Blessed are those who mourn, for they will be comforted (Matthew 5:4).
Within a week, Orlando, Florida became a center not of vacations and celebrations but of grief and mourning. There a deranged fan shot and killed singer Christina Grimmie. An alligator killed two-year old boy at Disneyworld. An angry, disturbed young man identifying himself with ISIS killed 49 people at a gay night club before killing himself in the deadliest mass shooting in US history.
Everyone knows. Everyone feels overwhelmed. But not everyone deals with feeling overwhelmed the same way. Some move quickly toward favorite solutions to gun violence. Others advocate building discriminatory walls. Others honor the victims in the night club shooting, while others still blame them from graceless religious perspectives.
Are those the only choices? Well, there is also mourning. One could just be with the pain. One could dwell in sympathy for bereaved parents and hearts broken in times and places that should be joyful. But what good would that do?
It does immeasurable good. We live in constant helplessness. Efforts to solve gun violence that get bogged down in political gridlock uphold the status quo but keep most of us vulnerable. We cannot count on our children’s safety even at Disneyworld. Anxiety rules. We develop compassion fatigue. Unless…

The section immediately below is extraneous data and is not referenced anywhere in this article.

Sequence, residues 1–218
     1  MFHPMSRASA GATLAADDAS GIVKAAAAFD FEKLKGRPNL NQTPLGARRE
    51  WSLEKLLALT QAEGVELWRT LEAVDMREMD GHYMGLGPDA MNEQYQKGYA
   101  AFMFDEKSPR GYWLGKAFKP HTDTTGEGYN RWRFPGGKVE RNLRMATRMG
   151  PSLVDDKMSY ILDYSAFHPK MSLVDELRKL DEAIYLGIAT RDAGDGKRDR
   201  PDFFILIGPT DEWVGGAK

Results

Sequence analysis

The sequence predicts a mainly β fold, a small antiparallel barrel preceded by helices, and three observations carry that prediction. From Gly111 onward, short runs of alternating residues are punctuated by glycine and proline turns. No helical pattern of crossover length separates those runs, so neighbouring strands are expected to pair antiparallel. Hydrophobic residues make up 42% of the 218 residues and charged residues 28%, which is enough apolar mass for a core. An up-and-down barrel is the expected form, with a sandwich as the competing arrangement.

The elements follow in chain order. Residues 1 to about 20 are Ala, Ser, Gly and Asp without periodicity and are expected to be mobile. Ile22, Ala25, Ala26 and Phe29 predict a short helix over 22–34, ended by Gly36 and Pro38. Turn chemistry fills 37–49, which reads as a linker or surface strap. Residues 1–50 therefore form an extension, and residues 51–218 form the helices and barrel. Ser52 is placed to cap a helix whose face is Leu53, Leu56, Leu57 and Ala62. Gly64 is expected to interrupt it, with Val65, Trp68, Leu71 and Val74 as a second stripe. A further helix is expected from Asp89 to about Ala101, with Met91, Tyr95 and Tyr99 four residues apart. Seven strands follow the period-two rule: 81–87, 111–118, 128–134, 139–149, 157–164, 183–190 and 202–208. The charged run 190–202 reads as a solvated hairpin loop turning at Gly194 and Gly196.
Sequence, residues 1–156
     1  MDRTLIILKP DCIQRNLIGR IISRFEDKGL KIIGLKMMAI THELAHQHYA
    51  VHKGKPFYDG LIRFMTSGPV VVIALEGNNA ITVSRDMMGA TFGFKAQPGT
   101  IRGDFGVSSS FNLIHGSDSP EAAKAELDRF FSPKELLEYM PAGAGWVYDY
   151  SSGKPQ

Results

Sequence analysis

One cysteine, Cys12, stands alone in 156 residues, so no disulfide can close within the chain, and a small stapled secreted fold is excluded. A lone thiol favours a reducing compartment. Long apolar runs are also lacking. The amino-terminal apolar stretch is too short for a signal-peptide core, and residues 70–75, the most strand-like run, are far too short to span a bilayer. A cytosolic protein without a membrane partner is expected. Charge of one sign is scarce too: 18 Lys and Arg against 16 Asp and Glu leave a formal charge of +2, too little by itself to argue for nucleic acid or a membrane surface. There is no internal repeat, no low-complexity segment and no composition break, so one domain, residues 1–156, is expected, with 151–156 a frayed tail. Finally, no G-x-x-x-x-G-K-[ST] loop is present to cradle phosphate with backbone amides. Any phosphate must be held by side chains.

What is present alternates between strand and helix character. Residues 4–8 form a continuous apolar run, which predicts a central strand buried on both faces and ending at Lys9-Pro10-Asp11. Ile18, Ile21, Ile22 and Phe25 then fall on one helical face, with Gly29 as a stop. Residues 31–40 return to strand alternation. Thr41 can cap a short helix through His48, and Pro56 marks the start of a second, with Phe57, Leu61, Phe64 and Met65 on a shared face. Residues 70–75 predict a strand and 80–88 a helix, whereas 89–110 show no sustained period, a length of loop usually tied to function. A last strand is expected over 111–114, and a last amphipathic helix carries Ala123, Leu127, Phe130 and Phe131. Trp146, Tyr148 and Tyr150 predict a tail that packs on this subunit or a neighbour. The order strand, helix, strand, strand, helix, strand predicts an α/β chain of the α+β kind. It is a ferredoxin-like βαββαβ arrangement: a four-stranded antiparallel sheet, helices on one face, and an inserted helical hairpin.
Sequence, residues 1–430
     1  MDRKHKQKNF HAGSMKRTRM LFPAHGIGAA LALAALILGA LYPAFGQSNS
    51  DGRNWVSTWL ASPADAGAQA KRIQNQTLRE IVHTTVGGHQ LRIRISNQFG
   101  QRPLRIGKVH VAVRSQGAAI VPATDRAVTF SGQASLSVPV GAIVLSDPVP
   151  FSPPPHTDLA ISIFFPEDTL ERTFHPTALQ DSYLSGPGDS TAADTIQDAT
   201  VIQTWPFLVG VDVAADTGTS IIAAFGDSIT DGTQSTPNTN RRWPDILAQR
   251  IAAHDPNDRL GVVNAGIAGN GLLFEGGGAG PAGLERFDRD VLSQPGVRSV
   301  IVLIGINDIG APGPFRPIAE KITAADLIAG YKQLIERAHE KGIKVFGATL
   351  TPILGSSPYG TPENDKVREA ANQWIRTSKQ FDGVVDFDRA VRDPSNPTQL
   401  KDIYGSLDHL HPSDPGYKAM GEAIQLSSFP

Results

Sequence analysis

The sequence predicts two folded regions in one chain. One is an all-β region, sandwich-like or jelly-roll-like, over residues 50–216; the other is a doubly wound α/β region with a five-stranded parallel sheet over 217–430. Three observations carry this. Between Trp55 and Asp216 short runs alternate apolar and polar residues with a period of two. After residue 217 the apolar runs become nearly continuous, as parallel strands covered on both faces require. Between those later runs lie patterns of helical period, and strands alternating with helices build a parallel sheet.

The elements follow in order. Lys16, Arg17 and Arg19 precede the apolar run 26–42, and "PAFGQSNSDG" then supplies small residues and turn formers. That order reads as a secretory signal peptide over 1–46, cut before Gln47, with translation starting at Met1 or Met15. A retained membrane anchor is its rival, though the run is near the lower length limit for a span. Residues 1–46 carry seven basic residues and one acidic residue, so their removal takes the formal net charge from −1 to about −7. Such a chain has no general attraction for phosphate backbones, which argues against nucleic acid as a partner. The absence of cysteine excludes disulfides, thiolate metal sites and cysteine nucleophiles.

Unless we allow ourselves to mourn. Mourning defies the numbness that grows with constant helplessness, fear, and compassion fatigue. Mourning refuses to give in.
Consequently, mourning preserves the compassion we need to take action, to keep working toward finding common ground and solutions. Growing more polarized, suspicious, cynical, apathetic, and unsympathetic to suffering results from caving to the numbness that mourning defies.
Let yourself cry. Attend a candlelight vigil. Ask your pastor to let you read a Psalm of lament in church. Voice your compassion, send it to those who suffer in Orlando and who suffer with you vicariously all over the country.
Sure, mourning is not enough. We must take action. We must work toward justice and mercy. But if we bypass mourning on the way, we will not work skillfully. Fear, anger, and depression will guide us more than the God who called us to a vocation of love.
Mourning is an act of faith, hope, and love. It is prophecy, calling out and defying the forces of injustice by refusing the numbness that sustains evil. It is prayer, offering your anguish to the one God who holds all the anguish of the world, yours and that of your friends and enemies, in one, infinite heart of suffering love.
Only in that heart will we finally meet in peace. Only in that heart will we and those who mourn inconsolably finally find real comfort.
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